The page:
Recently the Technology Association of Georgia started accepting applications for its Excalibur Awards. According to TAG’s Excalibur website: “The TAG Excalibur Awards… recognize the companies and organizations throughout Georgia that demonstrate the best use of technology to solve their business problem. These companies and organizations do not produce technology, but they rely on it and are using it creatively to excel.” This is the classic definition of a technology-enabled company.
By contrast, the criteria of TAG’s Top 40 Innovative Company competition recognize only companies that produce technology. According to the 2012 Top 40 web site, eligible companies must be “’technology’ focused (in other words the company’s primary focus would be the development and dissemination of technology).” This is the classic definition of a technology company.
But which award might be appropriate for companies whose primary focus is to leverage their own proprietary technologies as an integral part of their business, rather than merely to solve a challenge or problem? Interestingly, in Georgia, those companies usually have been recognized as technology companies by the Top 40, even though they do not disseminate the technology to third parties (and thus technically do not meet the Top 40 requirements).
I think this is the right approach, and apparently Marc Andreesen would agree. In the May 2012 issue of Wired, he stated that his Silicon Valley venture capital firm, Andreesen Horowitz, would invest only in what he called “primary technology companies.” Airbnb was his example of a “primary technology company.” Airbnb is a “startup that let’s you rent out your home or a room in your home.” Like me (and probably many of our readers), the interviewer, Wired Editor in Chief Chris Anderson, expressed surprise that Andreesen would characterize Airbnb as a “primary technology company.” Andreesen answered: “…everything inside of how Airbnb runs has much more in common with Facebook or Google or Microsoft or Oracle than with any real estate company. What makes Airbnb function is its software engine, which matches customers to properties, sets prices, flags potential problems. It’s a tech company– a company where if the developers all quit tomorrow you have to shut the company down. To us, that’s a good thing…. I think Airbnb is building a software technology that is equivalent in complexity, power, and importance to an operating system. It’s just applied to a sector of the economy instead.”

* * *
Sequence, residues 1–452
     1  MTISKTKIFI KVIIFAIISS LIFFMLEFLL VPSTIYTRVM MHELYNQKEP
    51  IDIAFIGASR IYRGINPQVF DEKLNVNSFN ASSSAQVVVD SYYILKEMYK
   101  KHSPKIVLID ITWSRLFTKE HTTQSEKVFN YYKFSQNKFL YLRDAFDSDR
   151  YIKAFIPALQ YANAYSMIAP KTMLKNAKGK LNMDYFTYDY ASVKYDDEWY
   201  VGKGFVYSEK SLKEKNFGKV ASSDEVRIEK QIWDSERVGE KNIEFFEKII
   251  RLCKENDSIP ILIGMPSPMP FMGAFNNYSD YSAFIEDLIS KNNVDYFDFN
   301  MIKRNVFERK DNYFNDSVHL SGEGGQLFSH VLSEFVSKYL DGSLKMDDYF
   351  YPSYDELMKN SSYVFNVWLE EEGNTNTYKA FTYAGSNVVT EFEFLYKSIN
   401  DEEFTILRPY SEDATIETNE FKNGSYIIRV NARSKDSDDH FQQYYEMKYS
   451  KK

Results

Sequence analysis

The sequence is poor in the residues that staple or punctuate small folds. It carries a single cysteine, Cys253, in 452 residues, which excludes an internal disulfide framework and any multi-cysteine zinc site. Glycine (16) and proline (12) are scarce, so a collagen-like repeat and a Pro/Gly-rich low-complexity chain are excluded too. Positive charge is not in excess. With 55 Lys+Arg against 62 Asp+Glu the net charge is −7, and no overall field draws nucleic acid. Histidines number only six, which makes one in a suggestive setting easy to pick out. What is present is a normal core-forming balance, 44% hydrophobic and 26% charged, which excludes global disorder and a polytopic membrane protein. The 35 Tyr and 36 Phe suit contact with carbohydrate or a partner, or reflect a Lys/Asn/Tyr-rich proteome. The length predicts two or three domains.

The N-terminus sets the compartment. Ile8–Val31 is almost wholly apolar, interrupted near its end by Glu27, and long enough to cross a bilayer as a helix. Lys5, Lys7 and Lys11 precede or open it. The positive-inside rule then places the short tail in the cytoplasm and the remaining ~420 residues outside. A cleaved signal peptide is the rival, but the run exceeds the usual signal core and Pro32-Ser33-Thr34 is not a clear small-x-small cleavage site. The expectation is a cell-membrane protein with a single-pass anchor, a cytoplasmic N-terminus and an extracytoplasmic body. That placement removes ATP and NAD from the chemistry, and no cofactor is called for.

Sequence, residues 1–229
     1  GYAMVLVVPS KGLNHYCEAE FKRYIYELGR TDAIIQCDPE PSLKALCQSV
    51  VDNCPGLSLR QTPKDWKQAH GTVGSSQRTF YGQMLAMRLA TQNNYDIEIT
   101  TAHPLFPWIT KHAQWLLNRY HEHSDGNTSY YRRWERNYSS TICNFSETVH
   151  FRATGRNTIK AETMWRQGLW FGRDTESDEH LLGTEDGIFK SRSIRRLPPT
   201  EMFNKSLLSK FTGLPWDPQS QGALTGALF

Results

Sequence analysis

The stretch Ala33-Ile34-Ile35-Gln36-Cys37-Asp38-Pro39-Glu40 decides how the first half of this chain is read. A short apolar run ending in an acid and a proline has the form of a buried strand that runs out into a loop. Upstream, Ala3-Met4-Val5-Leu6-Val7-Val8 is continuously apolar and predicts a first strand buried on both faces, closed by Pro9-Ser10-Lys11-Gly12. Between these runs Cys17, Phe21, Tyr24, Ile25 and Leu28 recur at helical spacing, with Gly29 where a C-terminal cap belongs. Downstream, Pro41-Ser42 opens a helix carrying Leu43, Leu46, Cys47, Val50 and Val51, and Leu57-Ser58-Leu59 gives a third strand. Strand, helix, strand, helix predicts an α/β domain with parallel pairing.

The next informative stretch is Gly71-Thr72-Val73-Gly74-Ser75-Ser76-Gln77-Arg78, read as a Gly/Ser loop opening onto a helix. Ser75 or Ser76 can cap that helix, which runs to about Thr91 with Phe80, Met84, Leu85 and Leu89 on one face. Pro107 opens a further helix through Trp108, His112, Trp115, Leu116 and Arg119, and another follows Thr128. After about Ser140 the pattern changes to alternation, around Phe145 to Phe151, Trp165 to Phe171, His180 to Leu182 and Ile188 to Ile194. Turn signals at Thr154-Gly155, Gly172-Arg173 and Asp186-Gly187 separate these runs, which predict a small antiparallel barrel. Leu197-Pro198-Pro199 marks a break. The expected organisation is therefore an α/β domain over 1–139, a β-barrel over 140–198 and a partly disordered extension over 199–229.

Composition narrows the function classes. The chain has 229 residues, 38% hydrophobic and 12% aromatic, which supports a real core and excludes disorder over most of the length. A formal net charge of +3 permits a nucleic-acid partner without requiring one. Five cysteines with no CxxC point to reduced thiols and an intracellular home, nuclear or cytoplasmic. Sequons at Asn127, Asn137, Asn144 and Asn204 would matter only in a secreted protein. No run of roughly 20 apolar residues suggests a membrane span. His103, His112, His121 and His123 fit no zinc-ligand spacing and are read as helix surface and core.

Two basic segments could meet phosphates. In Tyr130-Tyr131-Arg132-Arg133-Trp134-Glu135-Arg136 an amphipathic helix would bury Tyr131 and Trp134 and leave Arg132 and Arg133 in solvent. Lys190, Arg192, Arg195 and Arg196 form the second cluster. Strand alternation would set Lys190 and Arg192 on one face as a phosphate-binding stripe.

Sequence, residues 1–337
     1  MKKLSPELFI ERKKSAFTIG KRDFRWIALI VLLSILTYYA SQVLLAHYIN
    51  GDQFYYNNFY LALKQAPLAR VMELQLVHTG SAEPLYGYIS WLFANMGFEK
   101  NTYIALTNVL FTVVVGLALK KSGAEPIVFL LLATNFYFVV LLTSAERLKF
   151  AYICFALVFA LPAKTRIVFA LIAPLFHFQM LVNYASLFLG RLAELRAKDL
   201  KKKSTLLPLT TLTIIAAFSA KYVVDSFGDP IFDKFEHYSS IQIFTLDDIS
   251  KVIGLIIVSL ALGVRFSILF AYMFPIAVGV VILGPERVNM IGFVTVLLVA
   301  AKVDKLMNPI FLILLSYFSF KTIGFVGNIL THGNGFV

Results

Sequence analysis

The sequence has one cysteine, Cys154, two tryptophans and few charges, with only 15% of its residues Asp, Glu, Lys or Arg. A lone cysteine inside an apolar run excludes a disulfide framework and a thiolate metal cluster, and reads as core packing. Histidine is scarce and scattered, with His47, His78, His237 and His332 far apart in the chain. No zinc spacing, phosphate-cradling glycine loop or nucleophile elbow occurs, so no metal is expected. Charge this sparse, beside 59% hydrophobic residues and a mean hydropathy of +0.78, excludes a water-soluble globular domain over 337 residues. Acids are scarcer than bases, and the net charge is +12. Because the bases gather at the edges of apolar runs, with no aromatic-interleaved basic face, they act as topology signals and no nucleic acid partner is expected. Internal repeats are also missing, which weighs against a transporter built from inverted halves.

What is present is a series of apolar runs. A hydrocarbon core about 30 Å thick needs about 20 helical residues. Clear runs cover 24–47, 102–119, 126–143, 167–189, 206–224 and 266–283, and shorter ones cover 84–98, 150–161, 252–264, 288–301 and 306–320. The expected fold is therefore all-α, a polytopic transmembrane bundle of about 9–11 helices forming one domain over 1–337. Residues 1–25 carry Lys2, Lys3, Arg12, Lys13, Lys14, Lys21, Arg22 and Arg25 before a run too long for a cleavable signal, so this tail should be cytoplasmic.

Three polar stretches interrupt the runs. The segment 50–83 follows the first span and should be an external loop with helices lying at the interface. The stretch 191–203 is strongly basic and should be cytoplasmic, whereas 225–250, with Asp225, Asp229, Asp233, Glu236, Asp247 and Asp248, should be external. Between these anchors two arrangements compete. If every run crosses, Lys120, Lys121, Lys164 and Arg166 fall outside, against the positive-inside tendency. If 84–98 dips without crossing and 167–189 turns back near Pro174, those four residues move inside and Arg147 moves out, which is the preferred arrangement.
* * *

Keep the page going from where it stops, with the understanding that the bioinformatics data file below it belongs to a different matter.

In the June 1, 2012 online edition of Information Week, Rob Preston, its Editor in Chief argues that for many companies, IT is not some non-core function that can be outsourced. Instead, IT is intertwined with the business of the enterprise. He notes: “Scores of companies, including NYSE Euronext, Sears, United Stationers, The Associated Press, Zynga, Google, and Union Pacific, not only are innovative users but also committed builders and sellers of IT systems, software, and services.” The quote caught my eye because of its reference to United Stationers, the wholesale supplier of all of the 40,000 products that Group Office Buys sells. And to think I always considered them merely the outsourced supplier of office products to our business.
Every year, in the Top 40 competition, we consider whether certain applicants qualify as technology companies. Indeed, with our criteria, how do we justify having selected Podponics, which grows and sells lettuce, as a Top 10 winner? If you attended TAG’s Summit, you may recall that the audience agreed, awarding Podponics “Best of Show.” From their website: “We [produce] local food … in urban centers, using an approach that does not require arable land.” The PodPonics system grows crops inside former shipping containers, without soil, sunlight or pesticides.
The founder and CEO is Matt Liotta, who studied computer science at Emory. After a variety of jobs in the technology and telecom fields, Matt decided to apply his technological expertise to hydroponic growing. Interestingly, in domestic markets, Podponics appears more focused in growing and selling organic produce than licensing their systems to others, so the committee and audience were not recognizing Podponics for disseminating technology to others.
It turns out that proprietary software is essential to growing produce in containers, and the founder’s tech experience has led him to Podponics. Perhaps the emphasis of our Top 40 criteria on dissemination is misguided, or at least too limiting. No one disputes that Facebook is a technology company, but its focus is not on disseminating technologies; it leverages its own technologies.
So maybe this issue isn’t as difficult as it seems. Perhaps eligibility for the Top 40 competition should also include Marc Andreesen’s test for a “primary tech company:” a company where if the developers all quit tomorrow you have to shut the company down.